alive logo

Salmon, Polenta, and Charred Vine Tomatoes

Serves 4


    Salmon, Polenta, and Charred Vine Tomatoes

    “This was a surprisingly straightforward and delicious way to warm up on a chilly lakeside outing,” says Cosco. “Polenta requires only a little bit of heat, a 1:4 cornmeal-to-water ratio, and a generous portion of Parmesan to be delicious. I like to add a bit of ‘luxury’ by adding a stock cube and a knob of butter to the boiling water.” His twist on a classic gremolata uses fish-friendly dill and parsley and cuts through the creamy richness of the polenta, itself a counterpoint to the crispy-skinned salmon.


    Crispier salmon skin

    The trick to getting that perfectly crispy skin is to sprinkle fillets with salt as soon as you’ve cleaned them. While you prep the vegetables, the salt removes excess moisture, which you can wipe off with paper towel (to be used as fire-starter) just before searing. 

    Better bouillon

    Look for a low-sodium stock cube without preservatives. 


    Salmon, Polenta, and Charred Vine Tomatoes


      • 4 cups (1 L) water
      • 1 vegetable (or chicken) bouillon stock cube
      • 1 Tbsp (15 mL) butter
      • 1 cup (250 mL) cornmeal
      • 1/2 cup (125 mL) grated Parmesan
      • Salt and pepper
      • 1 lemon, zested and juiced
      • 1 garlic clove, peeled and minced
      • 1/2 cup (125 mL) chopped fresh dill
      • 1/2 cup (125 mL) chopped fresh parsley
      • 10 on-the-vine cherry tomatoes
      • 1 Tbsp (15 mL) canola oil or other high-smoke oil
      • 4 - 4 oz (113 g) salmon fillets, with skin
      • Pinch of fleur de sel or kosher salt, to garnish


      Per serving:

      • calories364
      • protein32 g
      • total fat14 g
        • sat. fat6 g
      • total carbohydrates30 g
        • sugars2 g
        • fibre5 g
      • sodium508 mg



      For polenta, in medium saucepan, bring water to a boil, then add stock cube and butter. Whisk in cornmeal and cook for 15 to 20 minutes, covered, stirring every few minutes, depending on how hot the fire is. If polenta starts to stick or burn, reduce heat or add water. Whisk in Parmesan. Season, to taste, and set aside pot.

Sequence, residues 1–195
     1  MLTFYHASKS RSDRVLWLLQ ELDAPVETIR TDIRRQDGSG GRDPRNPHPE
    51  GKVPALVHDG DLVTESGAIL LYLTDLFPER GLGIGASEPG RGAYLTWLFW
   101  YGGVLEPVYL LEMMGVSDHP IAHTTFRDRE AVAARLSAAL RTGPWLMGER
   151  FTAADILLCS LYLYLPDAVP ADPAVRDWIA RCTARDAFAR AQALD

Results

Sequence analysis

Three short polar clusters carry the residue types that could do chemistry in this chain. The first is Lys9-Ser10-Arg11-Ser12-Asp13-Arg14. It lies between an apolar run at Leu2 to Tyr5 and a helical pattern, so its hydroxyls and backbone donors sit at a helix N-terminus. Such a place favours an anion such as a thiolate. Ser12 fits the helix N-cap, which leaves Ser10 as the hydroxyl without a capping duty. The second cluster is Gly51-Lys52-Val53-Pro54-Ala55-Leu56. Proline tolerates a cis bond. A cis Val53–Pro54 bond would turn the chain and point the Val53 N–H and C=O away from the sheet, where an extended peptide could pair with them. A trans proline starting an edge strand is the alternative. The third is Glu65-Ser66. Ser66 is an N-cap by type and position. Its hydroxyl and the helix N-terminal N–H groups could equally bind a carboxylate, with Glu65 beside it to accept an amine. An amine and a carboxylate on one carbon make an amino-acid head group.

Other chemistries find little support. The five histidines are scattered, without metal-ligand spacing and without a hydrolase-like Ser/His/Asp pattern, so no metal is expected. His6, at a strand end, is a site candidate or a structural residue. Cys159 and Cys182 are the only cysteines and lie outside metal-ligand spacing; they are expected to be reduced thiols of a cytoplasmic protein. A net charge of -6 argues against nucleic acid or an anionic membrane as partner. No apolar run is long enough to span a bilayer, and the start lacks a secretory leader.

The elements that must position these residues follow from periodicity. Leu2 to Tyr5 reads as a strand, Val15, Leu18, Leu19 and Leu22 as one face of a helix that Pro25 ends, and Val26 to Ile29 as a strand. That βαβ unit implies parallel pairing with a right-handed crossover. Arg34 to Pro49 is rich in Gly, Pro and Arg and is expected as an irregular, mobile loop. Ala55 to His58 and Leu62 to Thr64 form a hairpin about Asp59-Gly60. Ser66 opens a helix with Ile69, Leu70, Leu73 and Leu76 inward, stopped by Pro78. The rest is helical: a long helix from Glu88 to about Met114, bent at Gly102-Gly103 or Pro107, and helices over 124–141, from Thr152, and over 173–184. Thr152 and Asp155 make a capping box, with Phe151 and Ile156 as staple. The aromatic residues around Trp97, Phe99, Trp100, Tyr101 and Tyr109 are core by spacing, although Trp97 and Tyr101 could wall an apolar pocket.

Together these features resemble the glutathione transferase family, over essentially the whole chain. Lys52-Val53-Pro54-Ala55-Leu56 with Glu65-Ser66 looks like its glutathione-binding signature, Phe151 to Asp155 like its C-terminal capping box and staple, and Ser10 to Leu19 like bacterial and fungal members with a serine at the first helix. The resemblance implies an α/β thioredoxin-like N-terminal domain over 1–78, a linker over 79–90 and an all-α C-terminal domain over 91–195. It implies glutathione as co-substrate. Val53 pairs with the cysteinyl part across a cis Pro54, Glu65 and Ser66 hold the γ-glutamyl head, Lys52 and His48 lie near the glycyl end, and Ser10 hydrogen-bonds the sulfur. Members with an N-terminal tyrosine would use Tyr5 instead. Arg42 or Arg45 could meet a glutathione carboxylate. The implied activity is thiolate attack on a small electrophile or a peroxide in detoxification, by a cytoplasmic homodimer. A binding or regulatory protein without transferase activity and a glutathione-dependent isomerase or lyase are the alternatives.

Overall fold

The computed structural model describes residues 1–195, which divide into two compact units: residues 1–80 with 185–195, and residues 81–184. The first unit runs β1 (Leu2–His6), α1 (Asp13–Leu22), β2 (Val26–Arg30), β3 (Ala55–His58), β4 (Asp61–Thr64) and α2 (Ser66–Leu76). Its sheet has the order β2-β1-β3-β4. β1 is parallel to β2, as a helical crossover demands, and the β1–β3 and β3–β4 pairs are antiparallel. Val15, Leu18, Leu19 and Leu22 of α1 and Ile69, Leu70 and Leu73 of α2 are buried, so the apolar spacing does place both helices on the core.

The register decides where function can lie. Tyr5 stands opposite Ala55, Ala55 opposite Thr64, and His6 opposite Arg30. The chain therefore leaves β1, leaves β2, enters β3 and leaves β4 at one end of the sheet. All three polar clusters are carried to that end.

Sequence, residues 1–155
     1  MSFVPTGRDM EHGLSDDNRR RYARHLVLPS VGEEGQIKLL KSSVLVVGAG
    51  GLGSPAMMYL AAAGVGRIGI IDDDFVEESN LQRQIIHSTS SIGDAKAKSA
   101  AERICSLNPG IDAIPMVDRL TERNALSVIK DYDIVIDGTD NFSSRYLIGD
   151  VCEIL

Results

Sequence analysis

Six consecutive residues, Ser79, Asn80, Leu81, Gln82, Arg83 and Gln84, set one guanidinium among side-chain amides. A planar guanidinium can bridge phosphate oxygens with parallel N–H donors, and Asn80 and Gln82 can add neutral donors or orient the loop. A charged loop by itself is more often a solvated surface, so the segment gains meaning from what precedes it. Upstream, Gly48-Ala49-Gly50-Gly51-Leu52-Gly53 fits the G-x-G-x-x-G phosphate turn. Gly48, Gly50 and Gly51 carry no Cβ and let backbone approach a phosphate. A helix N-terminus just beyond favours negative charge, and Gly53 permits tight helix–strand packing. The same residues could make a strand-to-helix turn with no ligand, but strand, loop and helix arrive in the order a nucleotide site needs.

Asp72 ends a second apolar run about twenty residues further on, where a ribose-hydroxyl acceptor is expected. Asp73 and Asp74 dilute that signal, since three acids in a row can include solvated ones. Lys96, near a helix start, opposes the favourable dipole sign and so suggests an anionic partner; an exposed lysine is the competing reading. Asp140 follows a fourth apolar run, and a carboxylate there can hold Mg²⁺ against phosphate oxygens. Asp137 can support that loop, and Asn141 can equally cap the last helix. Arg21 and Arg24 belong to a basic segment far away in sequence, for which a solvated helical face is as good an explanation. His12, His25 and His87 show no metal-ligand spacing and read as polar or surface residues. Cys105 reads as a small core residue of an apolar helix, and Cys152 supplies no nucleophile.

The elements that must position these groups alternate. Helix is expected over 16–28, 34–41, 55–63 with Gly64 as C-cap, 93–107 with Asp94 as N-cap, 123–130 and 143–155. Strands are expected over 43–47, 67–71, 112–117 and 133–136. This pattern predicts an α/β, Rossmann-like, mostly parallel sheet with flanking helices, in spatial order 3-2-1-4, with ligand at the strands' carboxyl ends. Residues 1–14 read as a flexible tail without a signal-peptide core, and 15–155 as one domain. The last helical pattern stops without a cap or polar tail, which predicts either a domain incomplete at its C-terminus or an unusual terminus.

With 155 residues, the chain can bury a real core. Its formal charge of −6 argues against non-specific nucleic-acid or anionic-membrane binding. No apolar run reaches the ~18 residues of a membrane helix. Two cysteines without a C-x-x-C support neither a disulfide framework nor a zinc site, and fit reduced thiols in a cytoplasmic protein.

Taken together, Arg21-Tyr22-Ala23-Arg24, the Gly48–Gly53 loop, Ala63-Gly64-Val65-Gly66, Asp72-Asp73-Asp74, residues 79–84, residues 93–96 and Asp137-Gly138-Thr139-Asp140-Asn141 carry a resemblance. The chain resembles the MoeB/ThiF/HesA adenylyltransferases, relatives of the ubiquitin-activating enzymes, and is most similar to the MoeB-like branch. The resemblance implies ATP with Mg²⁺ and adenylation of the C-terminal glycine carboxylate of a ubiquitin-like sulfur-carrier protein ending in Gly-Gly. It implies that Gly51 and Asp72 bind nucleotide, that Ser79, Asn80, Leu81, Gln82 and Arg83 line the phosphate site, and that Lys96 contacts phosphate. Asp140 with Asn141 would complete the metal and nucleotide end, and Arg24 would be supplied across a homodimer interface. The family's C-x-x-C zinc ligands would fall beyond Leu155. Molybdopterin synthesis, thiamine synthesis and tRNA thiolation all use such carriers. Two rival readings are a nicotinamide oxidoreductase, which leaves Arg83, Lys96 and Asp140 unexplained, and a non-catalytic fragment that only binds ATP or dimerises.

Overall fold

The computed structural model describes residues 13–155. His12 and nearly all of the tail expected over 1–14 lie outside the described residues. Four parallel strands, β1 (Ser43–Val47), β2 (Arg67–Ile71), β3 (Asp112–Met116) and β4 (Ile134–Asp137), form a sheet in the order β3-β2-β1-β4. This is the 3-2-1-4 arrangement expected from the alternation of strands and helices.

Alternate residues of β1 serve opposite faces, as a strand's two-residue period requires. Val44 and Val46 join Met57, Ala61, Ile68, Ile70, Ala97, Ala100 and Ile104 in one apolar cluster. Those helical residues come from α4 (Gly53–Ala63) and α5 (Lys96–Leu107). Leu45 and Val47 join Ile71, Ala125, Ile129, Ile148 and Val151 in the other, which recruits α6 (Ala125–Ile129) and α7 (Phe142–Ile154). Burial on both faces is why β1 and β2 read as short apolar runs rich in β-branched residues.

Meanwhile, for gremolata, in medium bowl, combine lemon juice and zest with garlic, chopped dill, parsley, and pinch of salt.


      Over medium-high, heat 12 in (30 cm) cast iron skillet. Be patient; the pan is hot enough when you place a hand above it and feel a fair bit of heat, about 3 to 4 minutes. Add tomatoes, still on the vine, and cook until lightly charred but not bursting. Remove tomatoes from pan.


      For salmon, add oil to pan. When hot, add salmon, skin side down. Cook until the line of opacity reaches halfway up the side of salmon, about 2 minutes. Flip and cook for 30 seconds to 1 minute longer. If the two lines of opacity meet, the fish will be overcooked, so remove them sooner rather than later.


      To serve, plate polenta and fish and top with gremolata, and place tomatoes on the vine alongside. Sprinkle with fleur de sel or kosher salt.



      SEE MORE »
      Poached Sablefish and Bok Choy with Lemongrass, Ginger, and Chili
      Mussels with Tomato, Saffron, and Fennel

      Mussels with Tomato, Saffron, and Fennel

      B12-rich mussels are a very good and economical source of protein and iron. Steamed mussels are a classic way to enjoy seafood—and so is this rich, aromatic broth of tomato, fennel, and saffron. Be sure to allow saffron to fully infuse to get the full flavour benefit, and finish off the dish with the fragrant fennel fronds. Sustainability status Farmed mussels are considered highly sustainable due to their low impacts on the environment. They are easy to harvest, require no fertilizer or fresh water, and don’t need to be fed externally, as they get all their nutritional requirements from their marine environment. Mussel prep Selection: Look for mussels with shiny, tightly closed shells that smell of the sea. If shells are slightly open, give them a tap. Live mussels will close immediately. Storage: Keep mussels in the fridge in a shallow pan laid on top of ice. Keep them out of water and cover with a damp cloth. Ideally, consume on the day you buy them, but within two days. They need to breathe, so never keep them in a sealed plastic bag. Cleanup: In addition to being sustainable, farmed mussels tend to require less cleaning than wild mussels. Most of the fibrous “beards” that mussels use to grip solid surfaces will have been removed before sale. But if a few remain, they’re easily dispatched: grasp the beard with your thumb and forefinger and pull it toward the hinge of the mussel and give it a tug. Afterward, give mussels a quick rinse and scrub away any areas of mud or seaweed, which, with farmed mussels, will require minimal work.